When tying shoelaces becomes a problem: pathologically awkward children

When tying shoelaces becomes a problem: pathologically awkward children

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Dyspraxia: How parents and teachers can help clumsy children

Clumsy children not only have to suffer from the fact that many things do not work so well for them, but also that they are teased and bullied at school. But they can be helped. The Children's Health Foundation provides information on the problems of clumsy children and what parents and teachers can do on their website.

If the child is something different

"Some parents notice early on that their child is a little different," says pediatrician Professor Berthold Koletzko, chairman of the Child Health Foundation. “It is a little bit slower than other children, learning to walk a lot, maybe especially late and otherwise striking when learning to speak. With other children, on the other hand, the awkwardness only becomes apparent when they come to school and have to use pen and paper. ”

Dressing problems

Clumsy children often have problems dressing or putting on socks. It is difficult for them to button or unbutton or operate zippers, as well as putting on shoes or tying the shoelaces.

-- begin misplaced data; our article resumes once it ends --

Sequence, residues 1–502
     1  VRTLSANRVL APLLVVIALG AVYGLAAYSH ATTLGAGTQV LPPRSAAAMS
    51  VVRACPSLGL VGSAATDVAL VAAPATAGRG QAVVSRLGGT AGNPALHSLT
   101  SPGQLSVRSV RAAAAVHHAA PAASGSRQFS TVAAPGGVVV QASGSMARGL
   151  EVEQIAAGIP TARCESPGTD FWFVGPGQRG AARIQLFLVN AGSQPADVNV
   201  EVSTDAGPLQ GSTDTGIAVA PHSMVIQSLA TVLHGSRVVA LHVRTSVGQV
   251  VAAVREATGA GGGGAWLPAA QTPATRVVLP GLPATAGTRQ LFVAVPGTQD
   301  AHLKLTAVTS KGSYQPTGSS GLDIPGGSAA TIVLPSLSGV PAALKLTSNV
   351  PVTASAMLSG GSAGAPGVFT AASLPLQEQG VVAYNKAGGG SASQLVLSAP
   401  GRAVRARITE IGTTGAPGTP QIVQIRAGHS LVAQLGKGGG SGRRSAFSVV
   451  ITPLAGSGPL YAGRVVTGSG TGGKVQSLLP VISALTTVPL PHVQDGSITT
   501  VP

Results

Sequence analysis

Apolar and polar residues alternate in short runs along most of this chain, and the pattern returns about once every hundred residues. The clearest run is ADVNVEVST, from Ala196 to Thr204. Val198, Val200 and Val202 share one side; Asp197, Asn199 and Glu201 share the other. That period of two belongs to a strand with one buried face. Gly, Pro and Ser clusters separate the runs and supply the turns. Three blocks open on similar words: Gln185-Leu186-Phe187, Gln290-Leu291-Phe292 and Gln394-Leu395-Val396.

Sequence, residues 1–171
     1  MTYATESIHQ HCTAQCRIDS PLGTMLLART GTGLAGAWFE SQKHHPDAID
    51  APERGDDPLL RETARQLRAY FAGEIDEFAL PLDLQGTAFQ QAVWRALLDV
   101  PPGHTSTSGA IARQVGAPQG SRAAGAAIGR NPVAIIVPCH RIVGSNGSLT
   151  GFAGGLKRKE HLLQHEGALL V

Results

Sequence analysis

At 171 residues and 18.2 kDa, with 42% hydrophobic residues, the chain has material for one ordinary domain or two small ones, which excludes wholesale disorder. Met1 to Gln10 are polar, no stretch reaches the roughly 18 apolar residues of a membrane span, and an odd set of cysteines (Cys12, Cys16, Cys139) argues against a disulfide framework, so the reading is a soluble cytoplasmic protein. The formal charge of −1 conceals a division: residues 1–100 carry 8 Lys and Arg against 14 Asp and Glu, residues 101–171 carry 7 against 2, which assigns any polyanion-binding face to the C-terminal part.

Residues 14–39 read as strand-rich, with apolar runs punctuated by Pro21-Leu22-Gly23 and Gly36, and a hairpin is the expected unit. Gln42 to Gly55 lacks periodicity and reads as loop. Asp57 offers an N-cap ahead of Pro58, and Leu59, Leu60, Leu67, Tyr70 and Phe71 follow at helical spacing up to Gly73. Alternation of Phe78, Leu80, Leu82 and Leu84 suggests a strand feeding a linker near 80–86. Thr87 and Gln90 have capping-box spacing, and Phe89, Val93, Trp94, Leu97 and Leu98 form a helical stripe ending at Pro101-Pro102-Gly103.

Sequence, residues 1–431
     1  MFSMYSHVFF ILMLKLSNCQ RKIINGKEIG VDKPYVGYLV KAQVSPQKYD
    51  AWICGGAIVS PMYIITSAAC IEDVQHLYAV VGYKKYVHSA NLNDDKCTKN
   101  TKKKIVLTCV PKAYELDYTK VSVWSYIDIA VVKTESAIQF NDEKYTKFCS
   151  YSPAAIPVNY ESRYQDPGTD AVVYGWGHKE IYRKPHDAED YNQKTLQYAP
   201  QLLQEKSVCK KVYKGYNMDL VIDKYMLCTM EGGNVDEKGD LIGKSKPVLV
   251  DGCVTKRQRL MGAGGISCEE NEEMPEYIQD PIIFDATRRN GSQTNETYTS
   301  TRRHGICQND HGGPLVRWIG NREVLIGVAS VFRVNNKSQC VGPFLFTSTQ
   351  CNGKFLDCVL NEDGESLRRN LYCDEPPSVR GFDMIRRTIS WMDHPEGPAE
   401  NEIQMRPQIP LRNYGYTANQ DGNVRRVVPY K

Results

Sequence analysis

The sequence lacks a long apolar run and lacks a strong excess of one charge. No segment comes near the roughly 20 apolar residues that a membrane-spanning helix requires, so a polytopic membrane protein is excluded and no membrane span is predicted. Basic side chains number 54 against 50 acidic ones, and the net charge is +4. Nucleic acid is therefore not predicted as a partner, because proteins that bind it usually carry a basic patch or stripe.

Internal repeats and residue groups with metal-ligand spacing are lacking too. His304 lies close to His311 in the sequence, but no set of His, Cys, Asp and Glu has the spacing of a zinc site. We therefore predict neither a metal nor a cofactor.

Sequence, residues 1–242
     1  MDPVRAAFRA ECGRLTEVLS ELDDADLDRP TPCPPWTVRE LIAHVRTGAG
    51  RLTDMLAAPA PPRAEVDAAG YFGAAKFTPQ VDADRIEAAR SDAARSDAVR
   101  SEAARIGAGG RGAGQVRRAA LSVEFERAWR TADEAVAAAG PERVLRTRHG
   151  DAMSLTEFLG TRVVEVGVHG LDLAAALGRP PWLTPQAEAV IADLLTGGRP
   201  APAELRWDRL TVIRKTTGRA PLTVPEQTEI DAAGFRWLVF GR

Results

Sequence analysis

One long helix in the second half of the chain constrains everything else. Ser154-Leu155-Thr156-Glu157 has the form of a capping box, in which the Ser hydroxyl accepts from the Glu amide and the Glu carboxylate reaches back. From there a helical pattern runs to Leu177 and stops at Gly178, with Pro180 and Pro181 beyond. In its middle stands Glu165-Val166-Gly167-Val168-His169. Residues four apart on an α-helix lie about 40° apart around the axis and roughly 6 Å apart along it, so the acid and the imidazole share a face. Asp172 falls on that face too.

Handling tools is also often a game of patience: eating with a knife and fork makes them as difficult as brushing your teeth.

They move their hands clumsily and have difficulty painting, gluing, kneading, cutting, erasing or throwing. Catching a ball presents her with major problems.

At school, the child often stands out due to slow writing, dirty writing and unskillful handling of scissors or glue.

It turns out to be awkward in sports and games, balances poorly and shows weaknesses in climbing, cycling and especially in handling balls.

Defined developmental disorder of motor functions

As the Children's Health Foundation explains, these children were previously thought to have “minimal cerebral dysfunction” (MCD), a slight abnormality in brain functions.

Today the medical diagnosis is called "dyspraxia" or the problem is called a little more elaborately than "circumscribed developmental disorder of motor functions", abbreviated UEMF.

The "International Classification of Diseases and Related Health Problems" ICD-10 distinguishes between circumscribed developmental disorders of gross motor skills (F82.0) and gross and fine motor skills (F82.1).

The UEMF is a common problem, according to a German-Swiss guideline on medical diagnosis and treatment of the disorder.